Knowing that by torsion we can rotate or diminish magnetism, I was anxious to obtain by its means a complete rotation from north polarity to neutrality, and from neutrality to south polarity, or to completely reverse magnetic polarity by a slight right or left torsion.

I have succeeded in doing this, and in obtaining strong reversal of polarities, by superposing one polarity given while the rod is under a right elastic torsion, with another of the opposite polarity given under a left elastic torsion, the neutral point then being reached when the rod is free from torsion. The rod should be very strongly magnetized under its first or right-hand torsion, so that its interior molecules are rotated, or, in other words, magnetized to saturation; the second magnetization in the contrary sense and torsion should be feebler, so as only to magnetize the surface, or not more than one-half its depth; these can be easily adjusted to each other so as to form a complete polar balance of force, producing, when the rod is free from torsion, the neutrality as shown at B, Fig. 1.

The apparatus needed is simply a good compound horseshoe permanent magnet, 15 centimeters long, having six or more plates, giving it a total thickness of at least 3 centimeters. We need a sufficiently powerful magnet, as I find that I obtain a more equal distribution of magnetism upon a rod or strip of iron by drawing it lengthwise over a single pole in a direction from that pole, as shown in Fig. 2; we can then obtain saturation by repeated drawings, keeping the same molecular symmetry in each experiment.

In order to apply a slight elastic torsion when magnetizing rods or wires, I have found it convenient to attach two brass clamp keys to the extremities of the rods, or simply turn the ends at right angles, as shown in the following diagram, by which means we can apply an elastic twist or torsion while drawing the rod over the pole of the permanent magnet. We can thus superpose several and opposite symmetrical structures, producing a polar north or south as desired, greatly in excess of that possible under a single or even double magnetization, and by carefully adjusting the proportion of opposing magnetisms, so that both polarities have the same external force, the rod will be at perfect external neutrality when free from torsion.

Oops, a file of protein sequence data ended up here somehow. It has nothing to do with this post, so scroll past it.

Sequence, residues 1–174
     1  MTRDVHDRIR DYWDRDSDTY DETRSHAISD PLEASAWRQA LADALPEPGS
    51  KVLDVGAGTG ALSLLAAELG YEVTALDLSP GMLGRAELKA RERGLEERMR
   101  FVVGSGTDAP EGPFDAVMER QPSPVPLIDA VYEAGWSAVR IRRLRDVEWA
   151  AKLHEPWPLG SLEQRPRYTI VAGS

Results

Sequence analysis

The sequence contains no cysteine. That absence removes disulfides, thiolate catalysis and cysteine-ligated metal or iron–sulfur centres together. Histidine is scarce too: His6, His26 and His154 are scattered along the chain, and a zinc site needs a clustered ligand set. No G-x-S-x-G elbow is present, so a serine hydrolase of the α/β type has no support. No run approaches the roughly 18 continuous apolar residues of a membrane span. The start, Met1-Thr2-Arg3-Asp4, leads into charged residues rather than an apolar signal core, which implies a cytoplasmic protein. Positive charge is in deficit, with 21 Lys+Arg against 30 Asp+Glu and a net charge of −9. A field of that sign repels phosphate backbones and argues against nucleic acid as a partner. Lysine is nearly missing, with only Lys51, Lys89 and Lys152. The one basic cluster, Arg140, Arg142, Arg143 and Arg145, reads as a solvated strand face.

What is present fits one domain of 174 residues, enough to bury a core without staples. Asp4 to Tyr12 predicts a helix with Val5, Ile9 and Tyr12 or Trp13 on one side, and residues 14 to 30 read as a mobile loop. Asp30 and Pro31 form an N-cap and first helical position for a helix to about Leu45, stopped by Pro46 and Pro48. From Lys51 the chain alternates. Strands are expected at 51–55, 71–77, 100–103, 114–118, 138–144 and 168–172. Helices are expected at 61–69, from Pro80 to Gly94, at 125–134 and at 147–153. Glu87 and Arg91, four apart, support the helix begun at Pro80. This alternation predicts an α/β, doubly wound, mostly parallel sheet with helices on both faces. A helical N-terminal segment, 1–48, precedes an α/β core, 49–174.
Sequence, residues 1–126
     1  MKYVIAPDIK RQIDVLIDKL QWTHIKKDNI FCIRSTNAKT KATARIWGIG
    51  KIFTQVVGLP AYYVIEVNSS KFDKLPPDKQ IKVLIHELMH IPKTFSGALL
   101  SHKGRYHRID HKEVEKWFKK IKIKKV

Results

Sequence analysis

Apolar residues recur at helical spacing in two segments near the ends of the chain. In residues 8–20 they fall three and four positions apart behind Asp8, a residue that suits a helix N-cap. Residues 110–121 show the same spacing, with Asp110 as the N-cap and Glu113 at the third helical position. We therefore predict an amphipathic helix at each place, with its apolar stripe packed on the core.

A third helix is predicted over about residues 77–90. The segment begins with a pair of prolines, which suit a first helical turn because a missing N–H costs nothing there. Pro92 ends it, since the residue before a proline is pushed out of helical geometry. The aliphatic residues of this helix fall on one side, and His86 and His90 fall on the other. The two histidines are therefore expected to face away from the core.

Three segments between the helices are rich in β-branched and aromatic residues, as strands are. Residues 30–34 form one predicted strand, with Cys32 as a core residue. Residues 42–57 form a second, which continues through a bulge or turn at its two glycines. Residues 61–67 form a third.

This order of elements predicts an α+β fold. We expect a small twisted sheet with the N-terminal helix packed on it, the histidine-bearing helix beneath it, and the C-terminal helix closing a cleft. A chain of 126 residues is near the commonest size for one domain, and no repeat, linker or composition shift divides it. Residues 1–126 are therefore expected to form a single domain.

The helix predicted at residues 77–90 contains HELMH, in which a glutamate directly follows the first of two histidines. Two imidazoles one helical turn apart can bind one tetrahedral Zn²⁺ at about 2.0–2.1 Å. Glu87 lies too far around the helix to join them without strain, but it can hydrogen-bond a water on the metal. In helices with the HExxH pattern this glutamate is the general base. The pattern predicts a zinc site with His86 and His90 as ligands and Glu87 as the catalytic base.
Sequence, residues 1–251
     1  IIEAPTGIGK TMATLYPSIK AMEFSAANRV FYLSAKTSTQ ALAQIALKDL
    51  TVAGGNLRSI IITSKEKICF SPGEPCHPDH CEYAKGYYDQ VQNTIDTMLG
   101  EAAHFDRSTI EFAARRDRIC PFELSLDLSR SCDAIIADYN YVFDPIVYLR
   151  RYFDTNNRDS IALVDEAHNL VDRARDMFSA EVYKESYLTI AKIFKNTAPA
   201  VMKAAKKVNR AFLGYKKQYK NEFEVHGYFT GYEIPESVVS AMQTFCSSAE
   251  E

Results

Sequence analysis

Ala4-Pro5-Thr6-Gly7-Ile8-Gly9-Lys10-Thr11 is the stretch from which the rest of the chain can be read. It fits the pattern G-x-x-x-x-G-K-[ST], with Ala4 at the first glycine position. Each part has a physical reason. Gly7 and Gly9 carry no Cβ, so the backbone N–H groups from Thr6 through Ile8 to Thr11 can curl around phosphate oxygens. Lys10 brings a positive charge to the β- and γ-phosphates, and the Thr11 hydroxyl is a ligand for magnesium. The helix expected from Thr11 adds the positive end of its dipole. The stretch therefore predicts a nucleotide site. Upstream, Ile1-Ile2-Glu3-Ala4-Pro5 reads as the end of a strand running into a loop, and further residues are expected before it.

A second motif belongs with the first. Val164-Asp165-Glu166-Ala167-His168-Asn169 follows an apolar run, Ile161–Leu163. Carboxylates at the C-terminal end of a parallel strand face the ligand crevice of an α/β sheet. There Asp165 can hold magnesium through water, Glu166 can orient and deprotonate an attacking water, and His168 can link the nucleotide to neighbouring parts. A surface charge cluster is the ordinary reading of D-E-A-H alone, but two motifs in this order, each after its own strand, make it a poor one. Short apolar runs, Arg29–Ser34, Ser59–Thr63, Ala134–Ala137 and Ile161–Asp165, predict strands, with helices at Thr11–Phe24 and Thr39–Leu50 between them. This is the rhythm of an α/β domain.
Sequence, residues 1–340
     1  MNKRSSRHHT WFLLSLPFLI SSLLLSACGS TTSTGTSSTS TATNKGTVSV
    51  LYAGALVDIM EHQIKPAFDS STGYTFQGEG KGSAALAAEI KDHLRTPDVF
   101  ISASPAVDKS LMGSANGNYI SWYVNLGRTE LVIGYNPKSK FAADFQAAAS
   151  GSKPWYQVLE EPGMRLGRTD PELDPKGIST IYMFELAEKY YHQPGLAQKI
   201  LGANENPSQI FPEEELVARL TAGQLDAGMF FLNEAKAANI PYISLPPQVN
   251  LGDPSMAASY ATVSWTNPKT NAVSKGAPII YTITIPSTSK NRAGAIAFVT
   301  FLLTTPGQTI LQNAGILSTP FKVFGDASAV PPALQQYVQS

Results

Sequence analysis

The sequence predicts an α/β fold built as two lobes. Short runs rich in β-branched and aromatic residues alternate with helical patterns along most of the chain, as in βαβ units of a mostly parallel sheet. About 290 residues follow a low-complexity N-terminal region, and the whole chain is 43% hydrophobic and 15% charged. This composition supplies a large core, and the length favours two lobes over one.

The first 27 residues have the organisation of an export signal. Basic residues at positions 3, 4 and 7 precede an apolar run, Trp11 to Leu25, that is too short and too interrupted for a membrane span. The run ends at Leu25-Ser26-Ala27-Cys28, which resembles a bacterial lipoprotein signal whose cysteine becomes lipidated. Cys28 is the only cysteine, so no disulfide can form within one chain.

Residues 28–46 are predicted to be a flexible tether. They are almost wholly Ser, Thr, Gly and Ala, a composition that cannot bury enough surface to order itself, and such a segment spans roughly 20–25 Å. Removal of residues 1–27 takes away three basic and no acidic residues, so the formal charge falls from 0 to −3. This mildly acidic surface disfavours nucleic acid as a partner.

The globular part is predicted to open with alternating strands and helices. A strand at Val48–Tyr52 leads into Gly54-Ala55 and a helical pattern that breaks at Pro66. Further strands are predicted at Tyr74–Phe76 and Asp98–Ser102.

Superposed Magnetism 392 2b

FIG. 2.

If we now hold one end of this rod at a few centimeters distance from a magnetic directive needle, we find it perfectly neutral when free of torsion, but the slightest torsion right or left at once produces violent repulsion or attraction, according to the direction of the torsion given to the rod, the iron rod or strips of hoop-iron which I use for this experiment being able, when at the distance of five centimeters from the needle, to turn it instantly 90° on either side of its zero.

The external neutrality that we can now produce at will is absolute, as it crosses the line of two contrary polarities, being similar to the zero of my electric sonometer, whose zero is obtained by the crossing of two opposing electric forces.

This rod of iron retains its peculiar powers of reversal in a remarkable degree, a condition quite different to that of ordinary magnetization, for the same rod, when magnetized to saturation under a single ordinary magnetism, loses its evident magnetism by a few elastic torsions, as I have already shown; but when it is magnetized under the double torsion with its superposed magnetism, it is but slightly reduced by variations or numerous torsions, and I have found it impossible to render this rod again free from its double polar effects, except by strongly remagnetizing it to saturation with a single polarity. The superposed magnetism then becomes a single directive force, and we can then by a few vibrations or torsions reduce the rod to its ordinary condition.

The effects of superposed magnetism and its double polarity I have produced in a variety of ways, such as by the electro-magnetic influence of coils, or in very soft iron simply by the directive influence of the earth's magnetism, reversing the rod and torsions when held in the magnetic meridian, these rods when placed magnetic west showing distinctly the double polar effects.